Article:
Augmented-reality game Ingress makes the jump to iOS
iPhone gamers can finally join the Enlightened or the Resistance, battling for control of portals on their way to pick up the dry cleaning or walk the dog. Yes, Niantic Labs has brought augmented reality game Ingress to iOS, after it gained popularity on Android and even came unofficially to Google Glass.
In the game, players walk around their city—for real, and not just in the game—searching for portals on a map. Portals tend to be public works of art, landmarks, parks, and historical sites, so it’s a nice way to stretch your legs and find new places of interest nearby. But you’re also trying to capture those portals for your team, expanding the reach of your faction, and picking up invisible items dropped by other players.
You can play Ingress on your own, but Niantic Labs (the same development team inside Google that’s responsible for Field Trip) also coordinates live events that let players meet up and play together. From London to Los Angeles to New Zealand and Japan, more than 12,300 players gathered in 65 cities so far in 2014, says Niantic Labs, and Ingress competitions have even cropped up at Google I/O.
iOS players who want to jump in to Ingress’s shadowy world can check out a couple of YouTube shows to get up to speed. The Ingress Report keeps players up to date on the game’s events, and Ingress Obsessed is an officially sanctioned video diary from two sisters documenting how the game is sucking them in. Last summer, TechHive also interviewed Niantic’s head John Hanke about how Ingress’s philosophy of “ubiquitous computing” is informing the future of augmented reality and wearables like Google Glass.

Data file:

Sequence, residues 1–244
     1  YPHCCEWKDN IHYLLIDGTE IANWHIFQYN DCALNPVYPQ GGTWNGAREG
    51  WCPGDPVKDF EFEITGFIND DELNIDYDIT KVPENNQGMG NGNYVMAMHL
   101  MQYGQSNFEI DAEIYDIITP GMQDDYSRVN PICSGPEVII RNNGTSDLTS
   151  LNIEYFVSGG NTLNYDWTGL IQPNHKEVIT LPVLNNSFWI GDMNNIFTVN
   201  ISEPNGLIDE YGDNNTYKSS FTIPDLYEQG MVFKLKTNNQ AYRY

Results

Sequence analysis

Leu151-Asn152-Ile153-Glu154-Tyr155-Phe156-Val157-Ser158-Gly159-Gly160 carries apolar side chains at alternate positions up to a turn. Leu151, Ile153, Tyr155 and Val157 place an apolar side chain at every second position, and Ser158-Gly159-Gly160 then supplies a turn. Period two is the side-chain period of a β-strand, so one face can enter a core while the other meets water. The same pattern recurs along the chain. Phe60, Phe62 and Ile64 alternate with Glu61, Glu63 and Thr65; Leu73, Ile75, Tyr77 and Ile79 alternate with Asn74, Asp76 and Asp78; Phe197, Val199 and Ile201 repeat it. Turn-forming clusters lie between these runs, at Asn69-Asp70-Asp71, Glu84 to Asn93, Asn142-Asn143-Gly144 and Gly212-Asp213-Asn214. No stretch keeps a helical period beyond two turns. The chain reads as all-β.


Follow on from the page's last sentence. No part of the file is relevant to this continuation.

Mobile gaming has always been about the freedom to play anywhere, but games like Ingress that use geolocation to make the whole world into part of the game universe are a new breed of fun, and an excuse to get out and explore. Ingress isn’t aimed at kids, but Microsoft and DreamWorks just teamed up for Dragons Adventure World Explorer, aimed at kids stuck in the back seat of an otherwise-boring car trip. The game uses the location of your Windows phone or tablet to incoporate real-world streets and landmarks into a game universe based on the How to Train Your Dragon movies, and even times the game session to the length of your trip. Just call it How to Train Your Future Ingress Master.